Bettencourt is now turning his experiences into a satirical television comedy called Altered Reality, about life behind the scenes of Real Housewives. In the show, he's cast numerous ex–Real Housewives on a fictional show very similar to the Bravo franchise, creating a meta narrative about reality TV. Bettencourt is co-producing the show with Oscar nominee Michael Ohoven, the producer of Capote, and Ohoven's wife, former Real Housewife of Beverly Hills Joyce Giraud.

"I thought it would be fun to cast reality stars in the series to add an additional element of realism, and I wanted to make it over-the-top," Bettencourt said. "My goal was to create a juicy prime-time soap opera reminiscent of Dallas and Dynasty, with the modern twist of the storyline surrounding a group of women that star on a reality series."

"It's a lot about breaking the fourth wall, but you see more of the other side that people don't see in Housewives," Giraud said when we met for lunch at the Chateau Marmont. "It's not just breaking the fourth wall with the women—it's also breaking the fourth wall with the producers."

Housewives manager Darren Bettencourt (left) explains "Altered Reality" to Hollywood power attorney Marty Singer (right).

Last April, I accompanied Bettencourt when he went to explain the program to his lawyer Marty Singer, a Hollywood power attorney best known for defending Bill Cosby. (He no longer represents Cosby.) Singer liked the idea, and he seemed impressed with Bettencourt. "He is extremely looking out for all of his clients, which I admire," Singer told me. "When I look at a client, I look at them as if I'm representing a family member."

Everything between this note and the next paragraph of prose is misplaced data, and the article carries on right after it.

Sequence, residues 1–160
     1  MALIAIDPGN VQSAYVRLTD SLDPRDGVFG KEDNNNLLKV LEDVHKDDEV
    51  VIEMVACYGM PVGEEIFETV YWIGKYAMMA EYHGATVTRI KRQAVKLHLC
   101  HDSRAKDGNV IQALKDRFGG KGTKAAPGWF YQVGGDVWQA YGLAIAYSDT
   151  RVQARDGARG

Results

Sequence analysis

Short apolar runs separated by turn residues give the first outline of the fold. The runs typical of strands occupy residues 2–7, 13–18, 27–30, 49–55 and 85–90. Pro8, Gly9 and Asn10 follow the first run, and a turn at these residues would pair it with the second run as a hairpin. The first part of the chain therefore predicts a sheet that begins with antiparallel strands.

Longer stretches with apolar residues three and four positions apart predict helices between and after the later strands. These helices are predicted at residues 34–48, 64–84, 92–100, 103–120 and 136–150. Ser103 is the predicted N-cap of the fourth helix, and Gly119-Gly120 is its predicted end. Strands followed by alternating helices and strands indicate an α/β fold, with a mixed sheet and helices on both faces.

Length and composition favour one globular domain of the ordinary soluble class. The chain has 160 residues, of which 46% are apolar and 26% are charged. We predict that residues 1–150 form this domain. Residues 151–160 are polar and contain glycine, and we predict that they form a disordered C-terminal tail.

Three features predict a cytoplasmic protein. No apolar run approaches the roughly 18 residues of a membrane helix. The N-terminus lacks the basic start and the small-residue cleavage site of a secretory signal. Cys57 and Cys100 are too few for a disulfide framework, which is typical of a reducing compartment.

Bettencourt has hired Maya Sloan, the celebrity ghostwriter, and her husband, Thomas Warming, an illustrator for Nikki Finke's site Hollywood Dementia, to write the script. At a table reading in Jill's apartment in New York, the couple listened to Jill read her lines and then rewrote the script to include some Yiddish lines at Jill's request.

"She showed me all the [Real Housewives] memorabilia she had and she was very proud of it," Warming recalled. "She's very proud of that."

"Much as it's scripted, when it's most compelling, it's coming from a real place," Sloan explained. "We've had conversations with Housewives, and they very much want to talk about the plotline on [Altered Reality] and [their] entertainment value, but in real life [being on the show] was a pretty emotionally devastating, confusing, all-encompassing [experience]. These issues that you see on the [scripted] show, a lot of them come from very real places, and there are real emotions involved."